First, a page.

Bank of China’s now been open for business in NZ for four years
Bank of China celebrated four years on Wednesday since opening its doors in New Zealand and is promising to “continue to leverage our cross-border advantages to promote bilateral economic and trade cooperation”.
The bank says its total NZ assets stand at NZ$2.23 billion (at 30 September 2018). Loans and advances have increased to $1.87 billion, representing 84% of total assets, with among these, personal loans comprising $850 million.
It’s not the only Chinese banking giant taking big strides in New Zealand. ICBC NZ as of June had NZ$2.51 billion in assets and NZ$1.56 billion in loans and advances, while China Construction Bank (also at June) had NZ$1.65 billion in assets and NZ$1.27 billion of loans and advances.
Bank of China says its NZ staff numbers have more than quadrupled, from 14 to 69 people – and “the bank continues to seek additional talent”. It says 85% of the team are local employees and to accommodate a growing headcount, and to offer additional services to corporate customers, Bank of China has refurbished and expanded into two additional floors at their headquarters at 205 Queen Street, Auckland, including a new customer floor.
Customers attended a special event marking the four year anniversary and the opening of the new customer floor on Wednesday night.
Bank of China (New Zealand) CEO David Wang said: “I am delighted by the progress Bank of China (New Zealand) has made in the last four years, and I am confident that there is an exciting future ahead. We will continue to leverage our cross-border advantages to promote bilateral economic and trade cooperation.”
The bank’s core businesses services include commercial banking, a global trade service, corporate banking and financial markets services.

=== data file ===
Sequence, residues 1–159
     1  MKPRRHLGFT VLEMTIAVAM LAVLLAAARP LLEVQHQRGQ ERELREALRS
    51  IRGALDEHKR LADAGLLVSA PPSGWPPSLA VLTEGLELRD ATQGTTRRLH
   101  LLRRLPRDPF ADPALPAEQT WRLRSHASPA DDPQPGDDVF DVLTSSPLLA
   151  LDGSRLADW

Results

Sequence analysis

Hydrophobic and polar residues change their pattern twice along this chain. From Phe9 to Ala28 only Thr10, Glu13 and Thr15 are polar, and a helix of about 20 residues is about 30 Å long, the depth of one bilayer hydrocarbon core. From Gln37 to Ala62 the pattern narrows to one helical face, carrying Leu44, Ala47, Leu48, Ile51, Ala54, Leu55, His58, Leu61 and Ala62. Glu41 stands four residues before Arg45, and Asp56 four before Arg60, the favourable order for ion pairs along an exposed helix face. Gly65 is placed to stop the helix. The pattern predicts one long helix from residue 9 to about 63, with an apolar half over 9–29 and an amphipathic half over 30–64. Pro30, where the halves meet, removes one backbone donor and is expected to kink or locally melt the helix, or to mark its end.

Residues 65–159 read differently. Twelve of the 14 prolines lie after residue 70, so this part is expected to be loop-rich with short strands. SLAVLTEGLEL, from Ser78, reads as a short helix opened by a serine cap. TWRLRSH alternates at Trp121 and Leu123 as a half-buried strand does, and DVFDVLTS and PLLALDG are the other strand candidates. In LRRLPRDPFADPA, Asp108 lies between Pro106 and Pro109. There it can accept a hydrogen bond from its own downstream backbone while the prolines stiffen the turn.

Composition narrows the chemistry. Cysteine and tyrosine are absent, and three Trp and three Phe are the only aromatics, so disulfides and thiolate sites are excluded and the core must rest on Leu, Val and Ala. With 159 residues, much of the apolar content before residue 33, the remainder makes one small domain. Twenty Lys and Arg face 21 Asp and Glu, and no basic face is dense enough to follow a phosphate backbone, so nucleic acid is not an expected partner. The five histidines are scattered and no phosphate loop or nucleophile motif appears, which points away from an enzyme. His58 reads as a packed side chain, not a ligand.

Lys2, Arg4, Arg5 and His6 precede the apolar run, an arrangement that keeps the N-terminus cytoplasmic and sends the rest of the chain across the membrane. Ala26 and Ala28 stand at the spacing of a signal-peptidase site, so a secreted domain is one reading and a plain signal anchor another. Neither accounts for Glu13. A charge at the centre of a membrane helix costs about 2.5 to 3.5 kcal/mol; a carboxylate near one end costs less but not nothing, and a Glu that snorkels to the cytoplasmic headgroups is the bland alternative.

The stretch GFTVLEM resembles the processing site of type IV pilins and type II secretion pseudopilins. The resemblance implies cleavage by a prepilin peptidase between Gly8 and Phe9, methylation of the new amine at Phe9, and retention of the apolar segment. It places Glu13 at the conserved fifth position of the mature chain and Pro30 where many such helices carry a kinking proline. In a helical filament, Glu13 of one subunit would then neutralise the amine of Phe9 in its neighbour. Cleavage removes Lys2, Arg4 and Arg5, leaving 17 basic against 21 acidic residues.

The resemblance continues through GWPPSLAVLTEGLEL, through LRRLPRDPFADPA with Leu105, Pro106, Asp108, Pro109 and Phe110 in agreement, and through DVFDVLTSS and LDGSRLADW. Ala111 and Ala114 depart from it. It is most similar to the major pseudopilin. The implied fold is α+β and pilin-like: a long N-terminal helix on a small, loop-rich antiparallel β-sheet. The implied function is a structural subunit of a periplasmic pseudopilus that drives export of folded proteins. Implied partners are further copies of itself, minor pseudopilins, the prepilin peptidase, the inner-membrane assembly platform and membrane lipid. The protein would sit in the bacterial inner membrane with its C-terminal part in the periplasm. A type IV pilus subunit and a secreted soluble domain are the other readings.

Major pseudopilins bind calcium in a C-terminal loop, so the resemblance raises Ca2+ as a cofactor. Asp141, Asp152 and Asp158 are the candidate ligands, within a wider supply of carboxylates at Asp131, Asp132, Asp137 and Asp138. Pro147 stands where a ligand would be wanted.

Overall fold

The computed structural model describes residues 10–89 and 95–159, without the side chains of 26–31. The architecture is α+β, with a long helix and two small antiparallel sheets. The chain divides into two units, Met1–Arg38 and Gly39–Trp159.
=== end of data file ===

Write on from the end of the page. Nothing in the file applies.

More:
It lays claim to being “China’s most diversified and international bank”, with a presence in 56 countries and regions and says its NZ team has been able to play a significant role in growing New Zealand’s trade interests with China.
“In the last four years more than 300 New Zealand companies have attended match-making events with their Chinese counterparts, both in China and New Zealand.
“The bank has also facilitated the attendance of 20 New Zealand companies at the SME Cross-border Investment and Trade Cooperation Conferences in Guizhou and Shaanxi in 2016 and the Industrial and Commercial Enterprises Cross-border Investment and Trade Events in Shenyang and Zhengzhou in 2018.”
In the next 15 years, China is expected to import US$30 trillion worth of commodities, US$10 trillion worth of services and attract US$2 trillion of foreign direct investment.
Wang said: “The Bank of China (New Zealand) team will continue to work hard to ensure New Zealand leverages as much of the huge export potential to China as possible.”